Reflections on Military Violence
by Catriona Anderson
On Tuesday, October 31 at 5:00 pm, Professor Sa'ed Atshan introduced Dr. Zachary Moon, a military chaplain and professor of theology at Chicago Theological Seminary, to a Scheuer Room filled over capacity. Dr. Moon, who was raised in Berkeley, is a committed pacifist from a Quaker background. He has served in a VA hospital and as a uniformed chaplain on active duty with the Navy and the Marines. As a chaplain, Dr. Moon contributes a non-medicalized approach to healing from so-called "moral injury", a euphemism for the trauma incurred by the perpetrator of violence. And although he is supposedly endowed with the right to disagree with commanding officers over military policy, evidence that he uses his role to call out the military on its abuses was scant.
Dr. Moon began by detailing some of the ways in which trauma has been understood in the past. Some have viewed trauma as a result of one's shortcomings as a human being, whether in a context of toxic masculinity (a failure to be "tough" enough) or in a religious context (trauma is God's punishment for your sins). Trauma has also been medicalized, and is usually treated as Post-Traumatic Stress Disorder (PTSD), even though not all trauma is PTSD. Dr. Moon's specialty is moral injury which, he says, can mimic the symptoms of PTSD but is not based on overwhelming, irrational fear. Instead, those who are affected by moral injury may display similar symptoms, such as outbursts of irrational rage, loss of sleep, and excessive preoccupation with the traumatic event. Moral trauma is different in that the symptoms are triggered by shame instead of fear.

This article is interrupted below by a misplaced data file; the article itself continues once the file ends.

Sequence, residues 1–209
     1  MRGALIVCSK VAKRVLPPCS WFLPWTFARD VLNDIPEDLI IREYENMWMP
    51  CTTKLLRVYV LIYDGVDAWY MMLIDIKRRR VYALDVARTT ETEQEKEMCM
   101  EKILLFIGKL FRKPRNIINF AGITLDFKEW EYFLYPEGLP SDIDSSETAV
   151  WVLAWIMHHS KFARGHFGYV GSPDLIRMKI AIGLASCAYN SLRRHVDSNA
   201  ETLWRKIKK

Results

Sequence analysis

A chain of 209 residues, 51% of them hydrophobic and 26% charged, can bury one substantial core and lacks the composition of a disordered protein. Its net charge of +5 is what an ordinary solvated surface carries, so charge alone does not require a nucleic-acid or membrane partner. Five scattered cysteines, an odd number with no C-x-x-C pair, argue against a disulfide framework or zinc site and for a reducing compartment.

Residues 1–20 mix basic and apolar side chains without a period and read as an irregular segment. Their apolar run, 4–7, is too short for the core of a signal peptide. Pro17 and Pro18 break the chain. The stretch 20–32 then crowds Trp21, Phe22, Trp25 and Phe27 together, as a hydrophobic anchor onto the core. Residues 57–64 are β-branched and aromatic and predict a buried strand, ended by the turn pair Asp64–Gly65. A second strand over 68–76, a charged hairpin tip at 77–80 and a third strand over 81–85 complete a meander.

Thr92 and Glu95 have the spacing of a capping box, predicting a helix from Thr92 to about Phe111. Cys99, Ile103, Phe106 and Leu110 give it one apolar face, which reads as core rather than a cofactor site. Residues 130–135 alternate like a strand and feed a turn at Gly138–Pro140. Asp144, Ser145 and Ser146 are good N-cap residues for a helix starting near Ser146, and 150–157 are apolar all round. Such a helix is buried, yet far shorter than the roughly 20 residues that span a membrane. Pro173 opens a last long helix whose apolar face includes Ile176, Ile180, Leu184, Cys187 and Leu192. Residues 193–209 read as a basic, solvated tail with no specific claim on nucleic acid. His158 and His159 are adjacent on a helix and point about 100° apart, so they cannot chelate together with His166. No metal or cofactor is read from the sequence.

Soldiers in the US military have been conditioned through severe training to a strict code of honor and ethics. They are also recruited at a young age and subject to multiple deployments, risk factors for suffering trauma. However, in combat the military code often ends up broken, which leads to moral injury. Soldiers who signed up to defend human rights find out that they are the ones inflicting violence. Some witness their comrades dying or being injured and wonder if there was anything they could have done to have saved their friend. Others may have killed another human being. Sufferers do not only feel guilty, they internalize shame in such a way that they believe they are a bad person because of their role in the event. Many sufferers feel “cut off from any possibility of forgiveness or goodness.” It’s Dr. Moon’s job to reestablish that connection.
Recovery, according to Dr. Moon, is "the courageous seeking to reorient, to reconstruct a meaningful world in which to live." Our “moral meaning structure,” made up of a person’s values, beliefs, behaviors, and meaningful relationships, is like a house. After a storm or earthquake, some houses will survive intact and others will suffer severe damage. Unfortunately, in a case where a person is perceived as responsible for violence, many people shut their windows and refuse to help. A “savior mentality” is equally unhelpful, as survivors have to be the “designer and architect” of repairs for them to be effective.